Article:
Diana Probst, Cambridge Artist

Turtle, Day 2

Day 2 of the turtle painting had me putting the pigment two inches further up than I had originally planned, nixing a design problem.

Brown turtle outlined and half filled in, offset from blue underpaintingAt this stage, the shell looks very dark indeed, against the pale sea. This is in part an artefact of the photography, and in part how the human eye will perceive it. I was using umbers for the darker browns and ochres for the lighter ones. In this case I could have mixed toward the brown colours using my usual six-colour palette, but it would have been a waste of energy, and probably of paint as well. I only have six colour pots, plus black, and white, for a total of eight pots, and those keep me from getting too many tubes out and forgetting what I have mixed. Sometimes I photograph my palettes when I have a mix I want to preserve.

Dark brown turtle on light green background. It is swimming to the left of the canvas, and slightly towards the viewer.

The completed turtle has shell markings even though these will be covered, so I can be sure I will put things in the right place later. I could have left construction lines instead, but the shell plates were easier, and might be useful for features like the houses. I am still mentally settling on a scale. I would like it to be absolutely massive, but that is harder to convey than I like, and would mean adding mountains to the shell, which while cool may not be possible. I will draw up a few mock-ups, and maybe this can be a young turtle instead of an ancient one. I get to make up the biology, after all. Maybe it has very small mountains that have not grown yet.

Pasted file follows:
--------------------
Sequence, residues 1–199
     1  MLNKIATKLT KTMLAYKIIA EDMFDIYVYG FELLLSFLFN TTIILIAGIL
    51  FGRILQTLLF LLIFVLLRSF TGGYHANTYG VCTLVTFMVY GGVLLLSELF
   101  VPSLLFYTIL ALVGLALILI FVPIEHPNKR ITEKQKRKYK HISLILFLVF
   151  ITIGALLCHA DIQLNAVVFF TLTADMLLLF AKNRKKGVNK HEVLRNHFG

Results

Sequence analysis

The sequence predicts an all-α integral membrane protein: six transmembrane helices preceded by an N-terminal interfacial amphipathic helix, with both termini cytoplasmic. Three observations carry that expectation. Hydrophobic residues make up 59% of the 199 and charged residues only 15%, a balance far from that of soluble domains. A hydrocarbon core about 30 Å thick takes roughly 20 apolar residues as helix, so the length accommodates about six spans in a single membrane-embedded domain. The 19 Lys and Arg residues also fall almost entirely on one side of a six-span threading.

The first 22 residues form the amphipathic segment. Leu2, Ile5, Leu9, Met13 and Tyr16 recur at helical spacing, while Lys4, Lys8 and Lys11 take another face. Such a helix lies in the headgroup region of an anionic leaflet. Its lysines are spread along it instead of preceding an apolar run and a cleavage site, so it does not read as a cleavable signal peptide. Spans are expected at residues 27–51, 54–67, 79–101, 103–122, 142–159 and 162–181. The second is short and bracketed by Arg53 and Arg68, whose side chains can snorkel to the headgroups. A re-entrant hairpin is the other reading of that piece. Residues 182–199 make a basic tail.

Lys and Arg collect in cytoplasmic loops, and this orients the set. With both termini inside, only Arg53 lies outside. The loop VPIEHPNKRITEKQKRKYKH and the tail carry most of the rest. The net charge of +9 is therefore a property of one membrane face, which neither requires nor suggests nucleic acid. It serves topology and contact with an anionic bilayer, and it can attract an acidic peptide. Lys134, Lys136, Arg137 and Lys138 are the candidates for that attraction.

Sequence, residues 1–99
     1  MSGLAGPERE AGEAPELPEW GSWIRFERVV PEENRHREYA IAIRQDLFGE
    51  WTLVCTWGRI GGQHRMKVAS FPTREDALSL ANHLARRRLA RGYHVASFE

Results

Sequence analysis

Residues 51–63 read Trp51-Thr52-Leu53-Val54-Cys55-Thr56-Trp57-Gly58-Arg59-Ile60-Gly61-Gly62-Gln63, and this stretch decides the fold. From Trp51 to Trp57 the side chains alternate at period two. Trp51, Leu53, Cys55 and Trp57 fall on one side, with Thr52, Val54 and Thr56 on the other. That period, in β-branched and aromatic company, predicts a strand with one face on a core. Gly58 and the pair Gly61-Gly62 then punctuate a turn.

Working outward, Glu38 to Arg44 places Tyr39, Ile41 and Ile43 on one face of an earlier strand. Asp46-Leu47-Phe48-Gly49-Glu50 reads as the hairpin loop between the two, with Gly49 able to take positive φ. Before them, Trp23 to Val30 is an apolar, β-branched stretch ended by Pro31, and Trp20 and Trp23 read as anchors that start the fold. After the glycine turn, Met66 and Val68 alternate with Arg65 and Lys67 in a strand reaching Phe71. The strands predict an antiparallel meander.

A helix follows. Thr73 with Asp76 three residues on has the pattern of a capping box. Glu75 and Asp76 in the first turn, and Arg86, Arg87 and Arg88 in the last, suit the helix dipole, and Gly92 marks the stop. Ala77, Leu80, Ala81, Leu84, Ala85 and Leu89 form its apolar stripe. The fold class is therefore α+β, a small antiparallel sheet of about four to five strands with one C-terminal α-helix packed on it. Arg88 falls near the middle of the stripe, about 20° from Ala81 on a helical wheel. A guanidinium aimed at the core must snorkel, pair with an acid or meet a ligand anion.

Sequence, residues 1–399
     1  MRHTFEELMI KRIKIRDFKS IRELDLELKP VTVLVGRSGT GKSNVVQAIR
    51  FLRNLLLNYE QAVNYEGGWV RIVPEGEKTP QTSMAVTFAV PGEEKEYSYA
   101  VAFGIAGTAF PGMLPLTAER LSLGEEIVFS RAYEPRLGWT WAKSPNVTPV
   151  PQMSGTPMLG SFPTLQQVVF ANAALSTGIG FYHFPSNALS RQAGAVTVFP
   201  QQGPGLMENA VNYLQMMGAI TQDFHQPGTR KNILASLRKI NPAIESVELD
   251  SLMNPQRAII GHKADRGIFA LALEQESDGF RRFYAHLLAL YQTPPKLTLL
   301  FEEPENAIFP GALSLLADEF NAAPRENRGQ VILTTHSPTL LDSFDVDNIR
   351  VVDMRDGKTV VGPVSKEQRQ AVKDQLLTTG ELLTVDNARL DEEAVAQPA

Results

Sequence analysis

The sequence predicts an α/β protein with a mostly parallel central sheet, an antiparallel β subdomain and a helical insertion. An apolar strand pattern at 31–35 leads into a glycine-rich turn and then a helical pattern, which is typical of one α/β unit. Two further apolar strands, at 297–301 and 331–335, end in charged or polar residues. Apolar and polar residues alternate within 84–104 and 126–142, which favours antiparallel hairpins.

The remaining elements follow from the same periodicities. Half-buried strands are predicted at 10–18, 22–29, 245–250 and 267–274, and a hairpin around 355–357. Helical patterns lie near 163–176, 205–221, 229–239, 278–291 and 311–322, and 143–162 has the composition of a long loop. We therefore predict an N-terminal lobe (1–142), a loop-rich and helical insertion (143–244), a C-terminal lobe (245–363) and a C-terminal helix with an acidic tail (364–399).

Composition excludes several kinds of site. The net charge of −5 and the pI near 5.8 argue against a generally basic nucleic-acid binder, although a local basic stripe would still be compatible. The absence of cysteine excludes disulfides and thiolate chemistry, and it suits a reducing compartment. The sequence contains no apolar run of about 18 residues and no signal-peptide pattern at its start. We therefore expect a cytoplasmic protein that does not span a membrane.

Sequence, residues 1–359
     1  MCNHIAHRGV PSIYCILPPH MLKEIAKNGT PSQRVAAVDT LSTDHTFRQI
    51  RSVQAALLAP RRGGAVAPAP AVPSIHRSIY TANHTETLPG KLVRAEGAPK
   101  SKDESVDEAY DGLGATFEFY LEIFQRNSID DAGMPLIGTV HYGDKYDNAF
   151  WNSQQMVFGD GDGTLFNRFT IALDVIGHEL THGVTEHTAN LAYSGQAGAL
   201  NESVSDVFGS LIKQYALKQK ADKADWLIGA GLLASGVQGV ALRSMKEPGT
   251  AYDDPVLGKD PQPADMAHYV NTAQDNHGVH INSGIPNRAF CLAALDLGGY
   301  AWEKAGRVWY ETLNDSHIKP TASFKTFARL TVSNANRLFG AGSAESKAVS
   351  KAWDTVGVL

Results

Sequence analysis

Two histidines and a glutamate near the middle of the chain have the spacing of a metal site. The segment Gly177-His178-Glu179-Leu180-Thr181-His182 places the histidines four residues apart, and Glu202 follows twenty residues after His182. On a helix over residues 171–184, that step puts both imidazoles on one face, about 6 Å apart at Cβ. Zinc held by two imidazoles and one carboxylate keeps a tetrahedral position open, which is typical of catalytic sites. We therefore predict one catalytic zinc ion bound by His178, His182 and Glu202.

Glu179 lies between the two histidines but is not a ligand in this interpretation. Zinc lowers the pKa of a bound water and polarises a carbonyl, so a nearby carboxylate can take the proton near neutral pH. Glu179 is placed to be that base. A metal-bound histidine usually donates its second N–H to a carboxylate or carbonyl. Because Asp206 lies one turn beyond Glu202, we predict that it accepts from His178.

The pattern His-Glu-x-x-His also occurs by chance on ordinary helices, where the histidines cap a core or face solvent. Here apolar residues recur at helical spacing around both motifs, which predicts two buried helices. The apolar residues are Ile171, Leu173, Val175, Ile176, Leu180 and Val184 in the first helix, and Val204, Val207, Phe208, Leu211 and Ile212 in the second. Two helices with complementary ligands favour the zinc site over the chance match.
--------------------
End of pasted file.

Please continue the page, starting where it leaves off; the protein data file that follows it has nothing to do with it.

Embarrassingly, I added in an extra head – I lost track of what I was painting, and started in on the old guide lines. That will get covered, but I am not going to say it was just for practice. It was a genuine mistake, and the head is not connected to anything. It did occur to me that it might make a decent shadow, but up on the top left you can see where I put the light box to tell me the angle of falling light. The sun is behind us, and a little above. I have to be careful that shadows match that.

Brown turtle on blue-green background with blue area for sky.

In the finished article, you can see that the turtle shell looks far lighter, because the sea is darkened down. The iPhone is not a good camera for fine art photography, but it is good at picking out different colour areas for me, and I sometimes use it for that.

The shadow of the turtle’s head now looks awesome. I intend to have the turtle in shadow seas if possible, just to keep the shadow effect. The far front flipper looks too long, and the one closer to us looks too short because of the foreshortening angle. I will make it bigger. I like how this is going as a relatively low-stress piece compared to the self-portrait that is on the other easel.

Memo to self: get more easels.